By Maurice Blanchot
"Another of Blanchot's almost-fictions ...throwing into deliciously baffling excessive reduction the enigmatic situation of a guy and lady by myself in a moderately offered resort room who try and keep in mind what has occurred to carry them there as they apprehensively anticipate no matter what will ensue subsequent. Their reserved confusion and quiet desperation finally galvanize upon them (and us) the belief that mind's eye (or, in case you will, writing) can create fact - and supply the paradoxical solace that turns out to leisure on the middle of Blanchot's writing: the feel that even language that expresses meaninglessness can not help yet include and, accordingly, show meaning." - Kirkus. "This completely first-class translation won't merely make Blanchot obtainable to many new readers yet also will motivate Blanchot students and scholars to re-evaluate every thing they inspiration they knew approximately L'Attente l'oubli...This publication might be required studying, period." - "Choice". "Awaiting Oblivion is considered one of [Blanchot's] crowning works ...a penetrating mirrored image upon human nature, language, and literature." - "Translation Review." "Blanchot is a terrifying writer." - "Review of up to date Fiction. "Maurice Blanchot has been for a part century one in every of France's prime authors of fiction and concept. of his so much formidable nonfiction works, "The area of Literature" and "The Writing of the Disaster", also are to be had from the college of Nebraska Press, as is "The such a lot High", his 3rd novel. John Gregg is the writer of "Maurice Blanchot and the Literature of Transgression".
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Extra resources for Awaiting Oblivion (French Modernist Library)
The text of Hunger thus figures and acts out both writing and reading as an absurd social mechanism of implication, where megalomania overtakes negotiation and vice versa, and where exclusion overtakes inclusion and vice versa. 52 The line about ‘rhetoric and literature’ was, in fact, added several years after the original edition appeared in 1890. We encounter, here, another configuration of the same problematic around writing and invention, relating to revision, translation and re-translation.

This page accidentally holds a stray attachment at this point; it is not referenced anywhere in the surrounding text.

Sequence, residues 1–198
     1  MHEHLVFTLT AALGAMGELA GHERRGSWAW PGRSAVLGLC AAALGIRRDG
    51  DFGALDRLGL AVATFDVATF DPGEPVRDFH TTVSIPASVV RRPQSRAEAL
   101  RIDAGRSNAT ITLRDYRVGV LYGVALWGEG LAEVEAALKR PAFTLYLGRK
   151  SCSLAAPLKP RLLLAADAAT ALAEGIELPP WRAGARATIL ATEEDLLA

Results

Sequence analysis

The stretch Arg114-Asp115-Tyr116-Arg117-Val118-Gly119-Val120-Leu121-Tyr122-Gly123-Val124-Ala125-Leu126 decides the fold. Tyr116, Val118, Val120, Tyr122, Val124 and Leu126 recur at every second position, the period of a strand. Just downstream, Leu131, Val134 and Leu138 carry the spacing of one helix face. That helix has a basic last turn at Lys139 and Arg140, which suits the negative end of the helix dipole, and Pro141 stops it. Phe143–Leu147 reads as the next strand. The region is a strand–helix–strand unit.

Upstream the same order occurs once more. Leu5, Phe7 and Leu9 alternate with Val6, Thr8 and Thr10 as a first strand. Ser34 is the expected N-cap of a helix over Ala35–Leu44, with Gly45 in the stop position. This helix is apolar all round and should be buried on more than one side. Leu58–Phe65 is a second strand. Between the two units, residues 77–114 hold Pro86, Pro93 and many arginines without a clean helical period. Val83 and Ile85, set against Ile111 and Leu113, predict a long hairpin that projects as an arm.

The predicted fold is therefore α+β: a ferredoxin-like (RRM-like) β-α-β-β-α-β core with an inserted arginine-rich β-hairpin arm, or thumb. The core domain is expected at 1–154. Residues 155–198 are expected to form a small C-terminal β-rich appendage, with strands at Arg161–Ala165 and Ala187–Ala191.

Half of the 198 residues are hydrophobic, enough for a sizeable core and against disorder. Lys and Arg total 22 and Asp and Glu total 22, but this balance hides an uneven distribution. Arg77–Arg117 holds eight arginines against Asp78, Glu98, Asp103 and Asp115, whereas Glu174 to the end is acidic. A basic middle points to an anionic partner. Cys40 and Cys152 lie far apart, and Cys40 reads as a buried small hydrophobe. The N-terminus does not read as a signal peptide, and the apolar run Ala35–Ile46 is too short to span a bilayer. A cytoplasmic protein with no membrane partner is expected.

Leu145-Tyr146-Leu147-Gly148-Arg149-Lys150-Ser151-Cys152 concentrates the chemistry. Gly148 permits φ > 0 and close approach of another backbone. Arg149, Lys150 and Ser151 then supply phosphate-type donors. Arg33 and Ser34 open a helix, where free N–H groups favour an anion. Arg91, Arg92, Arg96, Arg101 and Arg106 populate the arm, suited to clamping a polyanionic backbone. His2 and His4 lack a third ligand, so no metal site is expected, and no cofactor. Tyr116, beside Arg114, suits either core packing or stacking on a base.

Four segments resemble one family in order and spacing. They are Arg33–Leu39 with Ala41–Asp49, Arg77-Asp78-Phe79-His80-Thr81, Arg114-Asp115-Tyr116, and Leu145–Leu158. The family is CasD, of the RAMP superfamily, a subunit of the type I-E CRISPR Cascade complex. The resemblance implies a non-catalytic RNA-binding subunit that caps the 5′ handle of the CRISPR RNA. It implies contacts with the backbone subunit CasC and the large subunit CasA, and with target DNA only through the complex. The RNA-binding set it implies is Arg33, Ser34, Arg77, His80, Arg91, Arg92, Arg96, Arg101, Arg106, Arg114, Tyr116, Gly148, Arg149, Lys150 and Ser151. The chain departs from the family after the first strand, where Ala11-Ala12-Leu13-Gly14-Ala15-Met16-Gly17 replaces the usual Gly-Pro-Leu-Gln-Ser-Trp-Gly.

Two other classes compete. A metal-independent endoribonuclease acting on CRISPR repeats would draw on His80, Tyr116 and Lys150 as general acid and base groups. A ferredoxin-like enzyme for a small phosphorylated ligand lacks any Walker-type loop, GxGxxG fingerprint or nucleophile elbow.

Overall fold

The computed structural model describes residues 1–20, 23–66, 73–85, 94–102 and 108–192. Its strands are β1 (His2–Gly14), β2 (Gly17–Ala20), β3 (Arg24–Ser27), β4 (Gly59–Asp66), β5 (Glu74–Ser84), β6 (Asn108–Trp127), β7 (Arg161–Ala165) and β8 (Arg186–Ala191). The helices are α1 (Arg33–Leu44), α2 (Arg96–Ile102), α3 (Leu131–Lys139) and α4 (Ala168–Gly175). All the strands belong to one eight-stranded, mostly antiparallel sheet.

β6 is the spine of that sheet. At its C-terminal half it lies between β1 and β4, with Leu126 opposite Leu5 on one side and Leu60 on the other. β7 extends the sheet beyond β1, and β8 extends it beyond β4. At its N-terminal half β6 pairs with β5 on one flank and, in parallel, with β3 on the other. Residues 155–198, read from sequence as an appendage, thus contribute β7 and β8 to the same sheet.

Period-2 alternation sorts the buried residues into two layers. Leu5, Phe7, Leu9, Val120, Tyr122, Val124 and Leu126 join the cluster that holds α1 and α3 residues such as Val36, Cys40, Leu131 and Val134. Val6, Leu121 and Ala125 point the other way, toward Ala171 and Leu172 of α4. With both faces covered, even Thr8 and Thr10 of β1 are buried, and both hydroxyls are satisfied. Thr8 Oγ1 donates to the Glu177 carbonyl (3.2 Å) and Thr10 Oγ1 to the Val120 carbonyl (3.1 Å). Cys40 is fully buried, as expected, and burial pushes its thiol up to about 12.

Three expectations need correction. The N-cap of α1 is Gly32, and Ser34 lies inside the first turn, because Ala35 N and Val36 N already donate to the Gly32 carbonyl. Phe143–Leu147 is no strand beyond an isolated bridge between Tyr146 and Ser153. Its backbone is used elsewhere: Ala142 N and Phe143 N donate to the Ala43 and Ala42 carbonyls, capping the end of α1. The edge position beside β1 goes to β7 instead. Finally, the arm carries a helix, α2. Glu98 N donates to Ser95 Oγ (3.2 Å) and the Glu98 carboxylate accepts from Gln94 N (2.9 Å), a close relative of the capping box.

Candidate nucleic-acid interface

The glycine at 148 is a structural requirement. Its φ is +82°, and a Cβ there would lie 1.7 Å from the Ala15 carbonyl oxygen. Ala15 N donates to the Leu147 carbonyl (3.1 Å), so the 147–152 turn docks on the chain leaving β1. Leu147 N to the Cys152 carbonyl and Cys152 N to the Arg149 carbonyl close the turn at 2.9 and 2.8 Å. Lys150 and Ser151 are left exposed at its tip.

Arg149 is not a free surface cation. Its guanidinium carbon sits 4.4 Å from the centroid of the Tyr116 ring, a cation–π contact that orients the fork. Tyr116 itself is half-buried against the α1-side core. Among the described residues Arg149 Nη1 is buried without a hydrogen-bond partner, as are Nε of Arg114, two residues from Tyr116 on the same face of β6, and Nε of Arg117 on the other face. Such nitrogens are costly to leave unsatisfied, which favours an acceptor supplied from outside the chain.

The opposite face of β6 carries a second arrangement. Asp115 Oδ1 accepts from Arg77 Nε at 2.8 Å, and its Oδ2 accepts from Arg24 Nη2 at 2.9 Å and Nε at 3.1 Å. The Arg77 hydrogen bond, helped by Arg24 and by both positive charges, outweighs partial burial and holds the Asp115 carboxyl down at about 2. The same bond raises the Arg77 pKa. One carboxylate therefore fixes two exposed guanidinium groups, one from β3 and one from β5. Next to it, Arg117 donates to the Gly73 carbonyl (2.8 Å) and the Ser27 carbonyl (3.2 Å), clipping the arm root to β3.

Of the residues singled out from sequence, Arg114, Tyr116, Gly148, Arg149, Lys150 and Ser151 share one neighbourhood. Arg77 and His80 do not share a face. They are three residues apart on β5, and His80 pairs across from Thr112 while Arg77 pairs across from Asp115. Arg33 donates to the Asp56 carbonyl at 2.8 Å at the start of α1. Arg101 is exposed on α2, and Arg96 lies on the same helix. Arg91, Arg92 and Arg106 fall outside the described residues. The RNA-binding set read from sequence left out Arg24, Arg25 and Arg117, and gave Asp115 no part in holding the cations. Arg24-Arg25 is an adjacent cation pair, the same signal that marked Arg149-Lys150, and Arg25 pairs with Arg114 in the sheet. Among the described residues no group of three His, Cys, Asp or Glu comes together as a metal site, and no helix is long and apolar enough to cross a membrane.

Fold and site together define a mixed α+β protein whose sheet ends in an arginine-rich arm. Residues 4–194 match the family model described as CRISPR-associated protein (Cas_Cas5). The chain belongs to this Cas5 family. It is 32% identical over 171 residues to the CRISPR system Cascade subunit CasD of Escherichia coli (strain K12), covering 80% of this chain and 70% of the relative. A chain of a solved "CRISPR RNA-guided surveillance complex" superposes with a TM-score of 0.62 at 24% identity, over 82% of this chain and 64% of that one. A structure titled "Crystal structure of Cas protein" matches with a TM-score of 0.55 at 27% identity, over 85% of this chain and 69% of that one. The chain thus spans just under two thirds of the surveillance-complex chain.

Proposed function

Nowhere else is this struggle more compellingly written than in the moments when the hero happens upon the non-existent Location and Dislocation in Hunger 33 words of ‘Ylajali’ and ‘Kuboaa’, each of which have left tiny marks or traces upon twentieth-century psychoanalysis and linguistics. The words appear separately in two different scenes already referred to in this chapter, involving the pursuit of two Kristiania ladies on a sunny day, and a dark night of traumatic stillness later in the book, when the hero is locked up in a prison.
In his portrait of the ‘radical aristocrat’, moreover, Randers equates ‘Hamsun’ with ‘Nagel’ by seamlessly weaving the provocations of the fictional character in ‘the small Norwegian coastal town’ of Mysteries, with the provocations of Hamsun as a polemicist on the Scandinavian literary scene. The two are not identical, but are nevertheless difficult to hold apart. Hamsun, for his part, did insist in a letter to his friend and colleague Erik Skram in 1892 that Mysteries was not ‘me wanting to astonish you with my opinions’.